Randy Cohen, the New York Times’ ethicist, recently opined on the court ruling that ordered Google to release the name of the anonymous blogger whose site Skanks in NYC was devoted to slandering a fashion model:
Has anonymous posting, though generally protected by law, become so toxic that it should be discouraged?
This issue has gotten my attention as I’m preparing a workshop on Bullying in the Public Sphere. I often find myself drawn to read comments on news sites, drawn no doubt by the same impulse that makes me crane my neck as I drive by an accident. Unmoderated comment sections provide an un-chaperoned space for every adolescent impulse we’ve ever repressed. The comments rapidly devolve into nasty, name-calling, deliberately inflammatory and hateful. It’s this impulse (what possible evolutionary purpose might it serve?) that the mainstream media depend on for their fortunes, and is no doubt why there continues to be unmoderated comments sections after every article.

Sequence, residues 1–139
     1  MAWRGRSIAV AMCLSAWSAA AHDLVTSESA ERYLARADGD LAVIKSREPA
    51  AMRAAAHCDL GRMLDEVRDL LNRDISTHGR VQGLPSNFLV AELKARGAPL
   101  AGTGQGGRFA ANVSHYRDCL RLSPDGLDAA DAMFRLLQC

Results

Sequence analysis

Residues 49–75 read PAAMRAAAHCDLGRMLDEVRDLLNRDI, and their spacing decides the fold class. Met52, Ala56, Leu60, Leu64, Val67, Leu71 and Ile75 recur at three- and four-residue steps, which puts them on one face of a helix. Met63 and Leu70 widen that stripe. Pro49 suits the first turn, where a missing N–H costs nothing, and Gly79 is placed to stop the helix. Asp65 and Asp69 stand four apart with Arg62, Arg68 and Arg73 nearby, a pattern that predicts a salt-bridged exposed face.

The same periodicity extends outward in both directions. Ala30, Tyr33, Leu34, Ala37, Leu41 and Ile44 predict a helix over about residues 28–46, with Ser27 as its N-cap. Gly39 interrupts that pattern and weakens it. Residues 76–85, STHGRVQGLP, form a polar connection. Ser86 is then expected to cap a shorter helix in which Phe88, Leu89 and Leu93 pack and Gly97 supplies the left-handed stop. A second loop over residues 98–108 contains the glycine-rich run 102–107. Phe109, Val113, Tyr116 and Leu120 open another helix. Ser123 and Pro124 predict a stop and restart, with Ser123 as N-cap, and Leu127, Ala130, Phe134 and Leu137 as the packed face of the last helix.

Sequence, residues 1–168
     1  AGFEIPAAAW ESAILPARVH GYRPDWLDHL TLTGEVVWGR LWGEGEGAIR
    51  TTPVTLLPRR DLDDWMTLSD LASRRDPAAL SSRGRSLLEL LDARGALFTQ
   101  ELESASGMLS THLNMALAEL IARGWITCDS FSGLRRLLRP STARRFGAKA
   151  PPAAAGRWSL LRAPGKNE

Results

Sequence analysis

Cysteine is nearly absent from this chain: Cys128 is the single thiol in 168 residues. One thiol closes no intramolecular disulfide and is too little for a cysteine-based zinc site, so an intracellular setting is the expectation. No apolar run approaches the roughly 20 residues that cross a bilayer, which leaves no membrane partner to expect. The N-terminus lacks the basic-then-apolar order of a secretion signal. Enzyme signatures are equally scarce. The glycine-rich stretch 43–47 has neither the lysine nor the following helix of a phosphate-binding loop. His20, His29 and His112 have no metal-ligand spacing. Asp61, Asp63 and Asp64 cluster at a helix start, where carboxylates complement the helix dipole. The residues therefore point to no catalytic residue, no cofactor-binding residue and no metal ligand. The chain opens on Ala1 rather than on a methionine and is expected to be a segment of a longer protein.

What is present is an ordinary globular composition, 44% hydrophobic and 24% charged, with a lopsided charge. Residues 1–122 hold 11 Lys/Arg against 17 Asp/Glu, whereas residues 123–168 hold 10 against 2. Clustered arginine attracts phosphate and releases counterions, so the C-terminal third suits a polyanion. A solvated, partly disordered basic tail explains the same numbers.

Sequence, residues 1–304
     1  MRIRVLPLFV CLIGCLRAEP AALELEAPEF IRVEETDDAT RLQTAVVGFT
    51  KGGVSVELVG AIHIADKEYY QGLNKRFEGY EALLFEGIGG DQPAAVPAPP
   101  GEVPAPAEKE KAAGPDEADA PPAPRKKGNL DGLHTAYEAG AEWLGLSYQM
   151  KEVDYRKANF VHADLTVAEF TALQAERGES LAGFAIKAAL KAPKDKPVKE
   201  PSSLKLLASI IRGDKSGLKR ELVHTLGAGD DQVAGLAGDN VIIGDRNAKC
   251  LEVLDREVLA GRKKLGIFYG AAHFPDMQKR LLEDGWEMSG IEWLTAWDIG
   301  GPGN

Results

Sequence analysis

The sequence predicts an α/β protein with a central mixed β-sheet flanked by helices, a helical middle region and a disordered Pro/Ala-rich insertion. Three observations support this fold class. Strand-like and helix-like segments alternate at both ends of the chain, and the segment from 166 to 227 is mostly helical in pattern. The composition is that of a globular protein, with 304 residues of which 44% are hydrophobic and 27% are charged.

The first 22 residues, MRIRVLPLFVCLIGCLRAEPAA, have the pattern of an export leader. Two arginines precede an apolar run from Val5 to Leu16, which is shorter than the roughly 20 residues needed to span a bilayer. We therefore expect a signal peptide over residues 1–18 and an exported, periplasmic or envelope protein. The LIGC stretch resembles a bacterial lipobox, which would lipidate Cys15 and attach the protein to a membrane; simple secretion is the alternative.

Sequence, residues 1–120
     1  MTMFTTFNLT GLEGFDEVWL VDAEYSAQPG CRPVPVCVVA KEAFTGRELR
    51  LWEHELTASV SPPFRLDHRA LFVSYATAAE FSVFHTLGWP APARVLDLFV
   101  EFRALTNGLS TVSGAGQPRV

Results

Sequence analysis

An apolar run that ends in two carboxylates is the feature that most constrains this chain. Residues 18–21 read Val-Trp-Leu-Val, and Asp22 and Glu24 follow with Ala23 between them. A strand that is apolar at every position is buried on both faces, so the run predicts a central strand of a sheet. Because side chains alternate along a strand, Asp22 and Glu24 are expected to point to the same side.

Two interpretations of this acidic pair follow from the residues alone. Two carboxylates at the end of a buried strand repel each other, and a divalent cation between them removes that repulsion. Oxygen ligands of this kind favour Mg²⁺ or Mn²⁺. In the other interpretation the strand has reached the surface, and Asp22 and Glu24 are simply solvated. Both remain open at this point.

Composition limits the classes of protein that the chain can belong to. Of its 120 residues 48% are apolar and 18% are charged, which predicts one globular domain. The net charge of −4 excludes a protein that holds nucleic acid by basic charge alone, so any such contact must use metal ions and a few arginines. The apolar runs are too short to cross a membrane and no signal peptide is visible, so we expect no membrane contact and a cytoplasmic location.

My job as a facilitator often involves working with groups in conflict, on occasion severe, intractable conflict. And here’s the thing. Even in those volatile settings, when people are face-to-face, they rarely use the same venomous and slanderous name-calling that we see on the internet. There is anger, even threats of violence, but not the same toxic inflammatory slander we see daily on the internet. Anonymity, distance, and the immediacy of response time appear to be an ideal mix of ingredients for the toxic behavior and bullying rampant on unmoderated internet forums.
Social psychologists long before the internet have known about the dangers of anonymity. Research on crowd behavior shows that if people reduce the sense of their own identity they are less likely to stick to social norms. In studying crowd behavior social psychologists at the University of Melbourne found that people were more likely to bait a person standing on a ledge to jump if they were part of a large crowd, if the jumper was above the 7th floor and if it was dark.